Saturday, May 17, 2014

Inside the Clippers' Failed Playoff Run

Who beat the Clippers? Who kept them from turning a franchise-best season into at least a trip to the Western Conference Finals? Was it the Oklahoma City Thunder? Not really.

It was that selfish, racist owner Donald Sterling who torpedoed his team. When that anti-African-American rant, the one secretly recorded by his bitter ex-girlfriend, went public on TMZ, Sterling could have taken the high road and backed away and refused to play along with the media.. But he clearly loved the attention. So did his wife Shelly. They happily plunged into the media sewer, dragging the Clippers with them.

The team was never the same after that. The Clippers wanted to play basketball, to just focus on beating Golden State and Oklahoma City. But they couldn't. They wanted no part of the Sterling scandal. But they couldn't escape it. They had no choice. And they got buried.

Sources close to two team members report that Clippers officials were trying to downplay the effects of the the scandal, insisting that the players were fine, that things, after a brief, early.slip, were back to normal. But, according to these sources, it was clear in practices and in relationships between players and their relationships with family and friends, that things weren't the same. Far from it, in fact.

What happened was that people wouldn't leave the players alone about the scandal. It was everywhere they went. Dealing with that ugliness constantly turned them into different people.

 Said one source: "If you're around those guys a lot, you could see that the Sterling mess really changed them. This negative thing was hanging over them. It really drained their energy. They were snapping at each other, off the court and even on the court.. There was this negative vibe that wasn't there before. They used to laugh and joke around. They used to be hang loose and confident. But then they became anxious and tight. It was gloom and doom. Some of the guys couldn't sleep. Their heads were all wrong. Playing basketball should have been the main thing on their minds. But it never was, not after that Sterling mess hit the fan."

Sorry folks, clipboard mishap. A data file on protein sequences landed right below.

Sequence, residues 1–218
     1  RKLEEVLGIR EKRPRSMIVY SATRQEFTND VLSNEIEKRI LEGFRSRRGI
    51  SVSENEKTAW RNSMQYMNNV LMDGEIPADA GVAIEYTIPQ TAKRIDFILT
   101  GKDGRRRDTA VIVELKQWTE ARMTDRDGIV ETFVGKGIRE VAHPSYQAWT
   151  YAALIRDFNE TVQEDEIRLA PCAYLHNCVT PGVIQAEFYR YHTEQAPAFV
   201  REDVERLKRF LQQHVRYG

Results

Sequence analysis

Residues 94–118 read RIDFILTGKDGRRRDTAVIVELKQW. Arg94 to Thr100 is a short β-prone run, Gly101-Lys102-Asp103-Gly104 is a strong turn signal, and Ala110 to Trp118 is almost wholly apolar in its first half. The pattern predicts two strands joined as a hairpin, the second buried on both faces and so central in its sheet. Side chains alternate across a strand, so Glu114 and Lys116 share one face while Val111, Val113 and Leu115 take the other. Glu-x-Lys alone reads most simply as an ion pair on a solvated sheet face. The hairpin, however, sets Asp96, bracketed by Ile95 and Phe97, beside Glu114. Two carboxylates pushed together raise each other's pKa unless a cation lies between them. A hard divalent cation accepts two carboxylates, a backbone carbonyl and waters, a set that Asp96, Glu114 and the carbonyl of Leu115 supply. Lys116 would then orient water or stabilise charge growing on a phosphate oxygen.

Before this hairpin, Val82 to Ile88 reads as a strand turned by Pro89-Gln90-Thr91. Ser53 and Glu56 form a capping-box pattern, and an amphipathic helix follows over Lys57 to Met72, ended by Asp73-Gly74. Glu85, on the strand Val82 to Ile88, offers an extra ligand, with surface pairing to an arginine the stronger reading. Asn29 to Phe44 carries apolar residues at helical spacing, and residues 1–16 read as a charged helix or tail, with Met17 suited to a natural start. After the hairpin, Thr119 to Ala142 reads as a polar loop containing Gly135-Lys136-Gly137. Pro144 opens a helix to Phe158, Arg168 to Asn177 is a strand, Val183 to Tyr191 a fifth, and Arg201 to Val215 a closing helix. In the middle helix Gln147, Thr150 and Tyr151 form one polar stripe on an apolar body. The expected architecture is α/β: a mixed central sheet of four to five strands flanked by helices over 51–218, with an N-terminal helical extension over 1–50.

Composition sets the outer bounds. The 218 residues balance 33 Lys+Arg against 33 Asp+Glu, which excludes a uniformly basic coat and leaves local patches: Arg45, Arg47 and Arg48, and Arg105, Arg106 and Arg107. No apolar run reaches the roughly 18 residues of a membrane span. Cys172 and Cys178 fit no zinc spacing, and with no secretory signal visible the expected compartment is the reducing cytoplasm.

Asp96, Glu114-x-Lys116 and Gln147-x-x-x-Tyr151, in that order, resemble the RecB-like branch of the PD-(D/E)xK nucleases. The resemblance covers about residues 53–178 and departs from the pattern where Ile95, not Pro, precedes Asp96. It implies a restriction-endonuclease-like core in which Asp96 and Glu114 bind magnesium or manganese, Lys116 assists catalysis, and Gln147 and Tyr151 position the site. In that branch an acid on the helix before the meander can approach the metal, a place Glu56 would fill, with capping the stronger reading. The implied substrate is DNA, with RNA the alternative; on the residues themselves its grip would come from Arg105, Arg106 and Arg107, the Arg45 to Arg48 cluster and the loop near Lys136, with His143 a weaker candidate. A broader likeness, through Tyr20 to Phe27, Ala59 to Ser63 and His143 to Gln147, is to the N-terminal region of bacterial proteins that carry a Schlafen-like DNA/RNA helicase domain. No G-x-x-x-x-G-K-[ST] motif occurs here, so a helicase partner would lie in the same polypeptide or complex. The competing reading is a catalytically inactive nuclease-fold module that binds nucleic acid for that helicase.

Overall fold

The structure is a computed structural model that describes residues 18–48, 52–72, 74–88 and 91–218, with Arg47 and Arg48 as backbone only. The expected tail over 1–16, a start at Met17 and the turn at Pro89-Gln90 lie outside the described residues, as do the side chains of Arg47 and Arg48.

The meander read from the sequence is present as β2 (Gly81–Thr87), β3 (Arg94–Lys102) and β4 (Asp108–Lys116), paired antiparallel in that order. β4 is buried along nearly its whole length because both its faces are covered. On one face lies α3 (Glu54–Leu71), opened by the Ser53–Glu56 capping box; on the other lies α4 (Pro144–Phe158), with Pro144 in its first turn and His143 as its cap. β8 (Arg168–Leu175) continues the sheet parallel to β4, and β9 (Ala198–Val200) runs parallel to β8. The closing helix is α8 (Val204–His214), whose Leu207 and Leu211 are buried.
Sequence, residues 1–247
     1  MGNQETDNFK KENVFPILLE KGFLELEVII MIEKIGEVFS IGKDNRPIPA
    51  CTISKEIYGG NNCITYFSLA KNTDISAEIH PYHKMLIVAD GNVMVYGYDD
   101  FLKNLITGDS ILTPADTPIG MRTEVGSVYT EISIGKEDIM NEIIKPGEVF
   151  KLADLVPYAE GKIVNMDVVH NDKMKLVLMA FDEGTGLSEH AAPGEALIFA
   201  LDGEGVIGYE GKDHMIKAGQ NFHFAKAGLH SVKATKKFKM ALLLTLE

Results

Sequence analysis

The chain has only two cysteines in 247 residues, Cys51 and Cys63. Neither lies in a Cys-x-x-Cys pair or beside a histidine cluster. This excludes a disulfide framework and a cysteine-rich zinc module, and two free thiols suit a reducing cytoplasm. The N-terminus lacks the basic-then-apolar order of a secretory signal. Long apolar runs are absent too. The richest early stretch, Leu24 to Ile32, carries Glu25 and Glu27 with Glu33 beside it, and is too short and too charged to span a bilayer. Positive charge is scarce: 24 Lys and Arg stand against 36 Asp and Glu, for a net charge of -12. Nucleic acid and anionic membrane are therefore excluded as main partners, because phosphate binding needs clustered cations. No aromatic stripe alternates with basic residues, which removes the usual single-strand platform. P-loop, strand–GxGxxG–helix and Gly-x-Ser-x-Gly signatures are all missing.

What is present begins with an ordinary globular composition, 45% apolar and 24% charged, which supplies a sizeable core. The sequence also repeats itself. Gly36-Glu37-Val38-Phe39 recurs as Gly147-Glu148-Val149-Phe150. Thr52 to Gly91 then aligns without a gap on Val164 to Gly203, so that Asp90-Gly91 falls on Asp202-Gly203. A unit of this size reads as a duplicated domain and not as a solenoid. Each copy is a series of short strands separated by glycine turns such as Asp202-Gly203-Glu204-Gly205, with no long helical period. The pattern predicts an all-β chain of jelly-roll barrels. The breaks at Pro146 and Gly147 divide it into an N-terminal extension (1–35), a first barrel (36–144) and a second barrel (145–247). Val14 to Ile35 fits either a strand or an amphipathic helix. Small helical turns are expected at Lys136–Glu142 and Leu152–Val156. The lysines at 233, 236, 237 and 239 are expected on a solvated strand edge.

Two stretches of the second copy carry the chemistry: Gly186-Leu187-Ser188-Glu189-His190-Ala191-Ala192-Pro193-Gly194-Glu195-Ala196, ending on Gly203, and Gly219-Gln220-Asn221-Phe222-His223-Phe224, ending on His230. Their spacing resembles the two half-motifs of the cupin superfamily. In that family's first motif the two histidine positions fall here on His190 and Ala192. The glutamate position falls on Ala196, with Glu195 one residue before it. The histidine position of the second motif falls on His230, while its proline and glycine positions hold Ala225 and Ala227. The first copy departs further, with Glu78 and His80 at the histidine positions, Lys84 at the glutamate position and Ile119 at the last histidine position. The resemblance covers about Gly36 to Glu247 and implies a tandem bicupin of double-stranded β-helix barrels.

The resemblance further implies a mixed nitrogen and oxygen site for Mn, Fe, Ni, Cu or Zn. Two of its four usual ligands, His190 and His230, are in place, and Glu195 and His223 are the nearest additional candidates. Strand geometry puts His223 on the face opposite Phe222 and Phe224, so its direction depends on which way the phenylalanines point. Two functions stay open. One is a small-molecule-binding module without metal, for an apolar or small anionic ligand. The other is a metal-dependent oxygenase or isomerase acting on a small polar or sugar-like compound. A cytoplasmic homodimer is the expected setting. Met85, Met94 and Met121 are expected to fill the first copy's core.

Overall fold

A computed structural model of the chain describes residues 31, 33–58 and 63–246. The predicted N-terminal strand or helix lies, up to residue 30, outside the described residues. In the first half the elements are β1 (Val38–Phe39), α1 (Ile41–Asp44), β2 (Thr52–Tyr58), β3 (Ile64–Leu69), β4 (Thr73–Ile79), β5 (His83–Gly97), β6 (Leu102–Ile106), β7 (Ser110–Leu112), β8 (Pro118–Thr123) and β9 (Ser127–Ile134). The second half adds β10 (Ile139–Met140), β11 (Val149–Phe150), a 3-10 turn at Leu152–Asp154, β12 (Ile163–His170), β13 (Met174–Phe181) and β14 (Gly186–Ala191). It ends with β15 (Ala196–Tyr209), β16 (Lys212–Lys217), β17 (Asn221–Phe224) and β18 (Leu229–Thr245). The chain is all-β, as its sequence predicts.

Continued the source: "It really effected Chris Paul. The whole thing depressed him. You could see him fighting it, but it was a losing battle. The Chris Paul in the OKC series, that wasn't the real Chris, not him failing in the clutch. And DeAndre Jordan? He was really down, not his usual self in the locker room. And on the court, his mind was somewhere else. He had a few good moments in that OKC series but he mostly disappeared. That really hurt the team."

The Clippers barely won the Warriors' series, which should have been a cinch for them since Golden State center Andrew Bogut, a huge defensive difference-maker, was out and there was no one else to effectively guard the interior. The real Clippers, the pre-scandal Clippers, would have rolled over that Bogut-less bunch. But they struggled and were lucky to win in seven.

According to the sources, there was no way the Clippers, in their fractured state of mind, were going to beat Oklahoma City, a much better team than the Warriors. The Clippers' blowout in that series opener in OKC was misleading, insisted the source: "The Clippers didn't win that game, the Thunder just didn't show up. They hadn't recovered from that brutal seven-game series with Memphis. They were too worn out to put up a fight. But they recovered next game. The real OKC showed up."

After that, the Clippers couldn't cope. Their heads were elsewhere. They couldn't muster up enough energy to play their usual brand of high-powered defense. They were usually a step slow, particularly on the perimeter, where they generally excel. OKC killed them with open shots. OKC is good, really good. You've got to be at the top of your game to beat them. The Clippers weren't even close.

After that opening game win in Oklahoma City, the Clippers had just two strong spurts in the next five games. One was at the end of the fourth game, which carried them to victory. The other was at the beginning of the sixth game, which translated into an early sixteen-point lead. But from then on, they didn't put up much of a fight, ultimately losing that game and the series..

Let's face it. The Clippers could have handled the scandal better. A stronger-willed bunch might have. But this was virgin territory. No NBA team has ever had to go through something like this while competing in the playoffs. Yes, the Clippers failed. But they only get part of the blame.

They were pushed into a cesspool and they drowned. But who pushed them in? That selfish, racist, idiot owner Donald Sterling. A lot of the Clippers' playoff failure is on him.